Record tally for annual blood drive

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Record tally for annual blood drive

DONORS: Sophomores Noa Segal, left, and Tali Schlact were among 47 volunteers to donate.

DONORS: Sophomores Noa Segal, left, and Tali Schlact were among 47 volunteers to donate.

BP Photo by Ezra Fax

DONORS: Sophomores Noa Segal, left, and Tali Schlact were among 47 volunteers to donate.

BP Photo by Ezra Fax

BP Photo by Ezra Fax

DONORS: Sophomores Noa Segal, left, and Tali Schlact were among 47 volunteers to donate.

Aidel Townsley, Staff Writer

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Despite a two-hour-late start, the annual blood drive collected a record 42 pints from 47 student and teacher volunteers in the gym April 4.

Some people were unable to donate because the equipment truck driver called in sick and they missed their time slot, and others were deemed ineligible donors because of age or medical issues.

But even with these difficulties, enough blood was collected to save 126 lives, according to the Red Cross.

The previous record was 33 pints in 2008.

“A lot of people gave double,” said event co-chair Eric Bazak, explaining that officials encouraged students to give more than the minimum one pint.  For example, Eric himself was invited to give plasma, which took almost an hour and which helps many more people than a typical donation.

“When you’re going to donate, then you may as well go above and beyond and do what the American Red Cross wants you to do,” Eric said.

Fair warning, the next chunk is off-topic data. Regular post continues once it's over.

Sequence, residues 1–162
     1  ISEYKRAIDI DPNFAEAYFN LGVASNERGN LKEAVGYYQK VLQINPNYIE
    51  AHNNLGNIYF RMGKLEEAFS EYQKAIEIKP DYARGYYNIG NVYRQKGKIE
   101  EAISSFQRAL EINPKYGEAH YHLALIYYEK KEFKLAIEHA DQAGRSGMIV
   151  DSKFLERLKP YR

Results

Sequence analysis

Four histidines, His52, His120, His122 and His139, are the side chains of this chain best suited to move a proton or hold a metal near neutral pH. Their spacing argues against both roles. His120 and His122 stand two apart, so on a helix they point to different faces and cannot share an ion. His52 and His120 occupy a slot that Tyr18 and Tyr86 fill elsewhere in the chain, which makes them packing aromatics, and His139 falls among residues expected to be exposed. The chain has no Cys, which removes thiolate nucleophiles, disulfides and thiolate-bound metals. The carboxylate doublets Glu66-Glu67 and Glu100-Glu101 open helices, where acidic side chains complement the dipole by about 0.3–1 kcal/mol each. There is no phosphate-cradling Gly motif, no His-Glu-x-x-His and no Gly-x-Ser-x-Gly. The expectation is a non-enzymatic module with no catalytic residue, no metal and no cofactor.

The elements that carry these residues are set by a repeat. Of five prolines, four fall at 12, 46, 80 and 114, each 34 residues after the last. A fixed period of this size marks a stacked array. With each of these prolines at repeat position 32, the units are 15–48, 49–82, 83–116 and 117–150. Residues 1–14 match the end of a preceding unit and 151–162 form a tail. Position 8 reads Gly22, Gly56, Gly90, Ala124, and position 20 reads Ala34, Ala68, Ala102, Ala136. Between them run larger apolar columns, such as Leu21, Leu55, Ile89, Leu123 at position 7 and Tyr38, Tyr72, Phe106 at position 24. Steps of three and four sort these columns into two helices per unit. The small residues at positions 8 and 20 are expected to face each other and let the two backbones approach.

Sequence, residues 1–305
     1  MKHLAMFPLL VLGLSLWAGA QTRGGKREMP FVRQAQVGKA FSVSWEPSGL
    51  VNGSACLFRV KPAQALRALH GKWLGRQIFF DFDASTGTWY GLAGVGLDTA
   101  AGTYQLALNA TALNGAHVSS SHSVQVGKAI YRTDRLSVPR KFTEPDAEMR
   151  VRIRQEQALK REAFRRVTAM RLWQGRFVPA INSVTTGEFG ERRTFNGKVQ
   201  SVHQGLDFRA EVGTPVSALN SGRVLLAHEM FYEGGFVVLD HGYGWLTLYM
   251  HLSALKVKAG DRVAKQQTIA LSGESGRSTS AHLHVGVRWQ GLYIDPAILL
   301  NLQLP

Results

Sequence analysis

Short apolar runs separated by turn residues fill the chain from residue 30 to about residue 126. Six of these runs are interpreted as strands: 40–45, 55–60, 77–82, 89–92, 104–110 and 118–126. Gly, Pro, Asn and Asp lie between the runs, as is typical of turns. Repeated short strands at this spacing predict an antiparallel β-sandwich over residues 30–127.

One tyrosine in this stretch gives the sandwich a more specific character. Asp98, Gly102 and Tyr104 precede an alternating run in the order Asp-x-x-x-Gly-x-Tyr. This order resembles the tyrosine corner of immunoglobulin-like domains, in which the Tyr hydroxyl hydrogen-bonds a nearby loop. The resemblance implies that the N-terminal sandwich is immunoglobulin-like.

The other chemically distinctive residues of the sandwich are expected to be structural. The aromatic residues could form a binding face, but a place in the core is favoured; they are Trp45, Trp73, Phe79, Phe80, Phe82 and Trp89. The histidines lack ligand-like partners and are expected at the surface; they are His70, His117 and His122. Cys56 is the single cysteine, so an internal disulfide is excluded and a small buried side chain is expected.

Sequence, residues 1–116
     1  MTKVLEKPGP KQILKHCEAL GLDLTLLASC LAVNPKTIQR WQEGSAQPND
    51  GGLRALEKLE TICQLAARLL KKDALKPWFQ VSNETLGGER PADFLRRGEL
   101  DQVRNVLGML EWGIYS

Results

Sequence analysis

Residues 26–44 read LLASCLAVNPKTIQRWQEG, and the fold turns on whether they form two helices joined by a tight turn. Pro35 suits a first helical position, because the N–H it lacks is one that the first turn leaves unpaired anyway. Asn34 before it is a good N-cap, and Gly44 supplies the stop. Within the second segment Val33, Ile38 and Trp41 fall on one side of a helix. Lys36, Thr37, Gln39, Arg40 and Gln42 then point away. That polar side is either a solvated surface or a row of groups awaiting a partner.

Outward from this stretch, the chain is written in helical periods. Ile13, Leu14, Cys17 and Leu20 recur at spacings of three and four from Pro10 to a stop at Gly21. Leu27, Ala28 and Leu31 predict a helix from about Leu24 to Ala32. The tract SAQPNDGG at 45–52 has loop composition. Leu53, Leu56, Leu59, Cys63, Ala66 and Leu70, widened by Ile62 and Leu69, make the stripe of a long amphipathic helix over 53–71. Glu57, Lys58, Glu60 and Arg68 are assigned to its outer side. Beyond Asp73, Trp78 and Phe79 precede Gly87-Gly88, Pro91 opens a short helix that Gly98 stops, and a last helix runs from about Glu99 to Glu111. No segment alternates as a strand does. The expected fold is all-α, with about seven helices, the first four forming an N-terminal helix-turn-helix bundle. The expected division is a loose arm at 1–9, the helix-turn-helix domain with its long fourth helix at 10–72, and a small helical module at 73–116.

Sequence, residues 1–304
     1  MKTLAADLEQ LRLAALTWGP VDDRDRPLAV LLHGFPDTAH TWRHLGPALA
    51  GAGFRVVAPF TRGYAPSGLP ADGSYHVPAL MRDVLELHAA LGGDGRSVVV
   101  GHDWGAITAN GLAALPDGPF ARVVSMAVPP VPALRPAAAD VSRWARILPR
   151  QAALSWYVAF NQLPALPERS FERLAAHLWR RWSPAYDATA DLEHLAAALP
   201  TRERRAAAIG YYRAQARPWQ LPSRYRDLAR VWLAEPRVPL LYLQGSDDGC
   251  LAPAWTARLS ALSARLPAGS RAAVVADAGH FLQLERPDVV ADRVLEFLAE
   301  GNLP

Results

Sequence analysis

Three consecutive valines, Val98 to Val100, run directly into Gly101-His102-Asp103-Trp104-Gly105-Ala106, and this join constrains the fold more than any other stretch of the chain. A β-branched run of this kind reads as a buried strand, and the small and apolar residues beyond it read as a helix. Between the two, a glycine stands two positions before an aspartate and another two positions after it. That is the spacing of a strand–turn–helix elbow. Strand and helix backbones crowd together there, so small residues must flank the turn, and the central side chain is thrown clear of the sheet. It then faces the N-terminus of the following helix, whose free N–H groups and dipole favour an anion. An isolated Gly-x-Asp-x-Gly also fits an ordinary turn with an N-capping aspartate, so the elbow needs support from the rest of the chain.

Junior Eliana Meltzer has donated blood four times, twice with Shalhevet.

“If someone gets in a car accident I always think, ‘What if they don’t have enough blood and they can’t recover?’” said junior Elianna Meltzer, who donated two cycles.

“And because I’m O-positive, I’m universally accepted, which means anyone can take my blood and it would work, which means that I can help more people and I’m not really limited in that case. And it feels just good to be able to donate.”

Junior Alec Fields, donating for the second time, said it didn’t hurt and didn’t take too much time.

“The fact that you can help someone just by taking 20 minutes out of your day is really great,” Alec told the Boiling Point. “After the one-second shot-like feeling, you don’t really feel it and you can just lie down and do whatever until they are done.”

Before giving blood, participants had to be checked to see if they met all  the necessary guidelines.

Some were declined for unexpected reasons, such as recently having received a vaccine or being underweight. Since the Red Cross prohibits those under 16 from giving blood, many underclassmen who were interested were not accepted.

Additionally, every donor scheduled for before 10:30 am had to reschedule, so some were ultimately unable to donate.

A fear of needles also stopped some from donating, but not as many as in previous years. More than half the seniors donated this year, while in 2014 more than half didn’t, citing a fear of needles.

Brandi Cole, team supervisor for the drive, said another problem can be lack of education. “I think a lot of people are not educated about people needing blood or people needing their own blood, cause a lot of people think ‘no, I need my blood I can’t give it away,’” said Ms. Cole. “But you don’t.”

Senior Kayla Ablin co-chaired the event.

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